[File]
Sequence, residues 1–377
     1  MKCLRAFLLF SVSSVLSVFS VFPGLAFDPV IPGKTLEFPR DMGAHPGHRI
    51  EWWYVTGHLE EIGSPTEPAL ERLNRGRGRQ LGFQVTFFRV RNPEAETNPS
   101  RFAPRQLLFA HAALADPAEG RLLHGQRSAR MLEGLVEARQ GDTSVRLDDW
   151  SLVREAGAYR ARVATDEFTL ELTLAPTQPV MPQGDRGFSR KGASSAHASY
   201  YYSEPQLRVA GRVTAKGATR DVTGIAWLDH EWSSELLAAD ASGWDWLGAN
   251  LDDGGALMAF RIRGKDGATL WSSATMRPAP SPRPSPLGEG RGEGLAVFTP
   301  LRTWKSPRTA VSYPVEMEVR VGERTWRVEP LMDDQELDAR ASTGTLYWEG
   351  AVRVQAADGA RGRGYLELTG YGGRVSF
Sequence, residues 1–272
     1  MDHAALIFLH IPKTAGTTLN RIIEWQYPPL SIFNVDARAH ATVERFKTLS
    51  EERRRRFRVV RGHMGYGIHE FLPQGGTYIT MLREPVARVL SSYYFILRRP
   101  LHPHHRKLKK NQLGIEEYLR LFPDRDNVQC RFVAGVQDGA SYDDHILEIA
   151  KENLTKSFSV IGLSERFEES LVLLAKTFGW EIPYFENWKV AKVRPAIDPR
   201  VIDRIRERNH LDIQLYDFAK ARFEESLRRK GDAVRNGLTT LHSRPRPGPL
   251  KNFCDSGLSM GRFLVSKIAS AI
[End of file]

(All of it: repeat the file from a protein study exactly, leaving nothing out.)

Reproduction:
Sequence, residues 1–377
     1  MKCLRAFLLF SVSSVLSVFS VFPGLAFDPV IPGKTLEFPR DMGAHPGHRI
    51  EWWYVTGHLE EIGSPTEPAL ERLNRGRGRQ LGFQVTFFRV RNPEAETNPS
   101  RFAPRQLLFA HAALADPAEG RLLHGQRSAR MLEGLVEARQ GDTSVRLDDW
   151  SLVREAGAYR ARVATDEFTL ELTLAPTQPV MPQGDRGFSR KGASSAHASY
   201  YYSEPQLRVA GRVTAKGATR DVTGIAWLDH EWSSELLAAD ASGWDWLGAN
   251  LDDGGALMAF RIRGKDGATL WSSATMRPAP SPRPSPLGEG RGEGLAVFTP
   301  LRTWKSPRTA VSYPVEMEVR VGERTWRVEP LMDDQELDAR ASTGTLYWEG
   351  AVRVQAADGA RGRGYLELTG YGGRVSF
Sequence, residues 1–272
     1  MDHAALIFLH IPKTAGTTLN RIIEWQYPPL SIFNVDARAH ATVERFKTLS
    51  EERRRRFRVV RGHMGYGIHE FLPQGGTYIT MLREPVARVL SSYYFILRRP
   101  LHPHHRKLKK NQLGIEEYLR LFPDRDNVQC RFVAGVQDGA SYDDHILEIA
   151  KENLTKSFSV IGLSERFEES LVLLAKTFGW EIPYFENWKV AKVRPAIDPR
   201  VIDRIRERNH LDIQLYDFAK ARFEESLRRK GDAVRNGLTT LHSRPRPGPL
   251  KNFCDSGLSM GRFLVSKIAS AI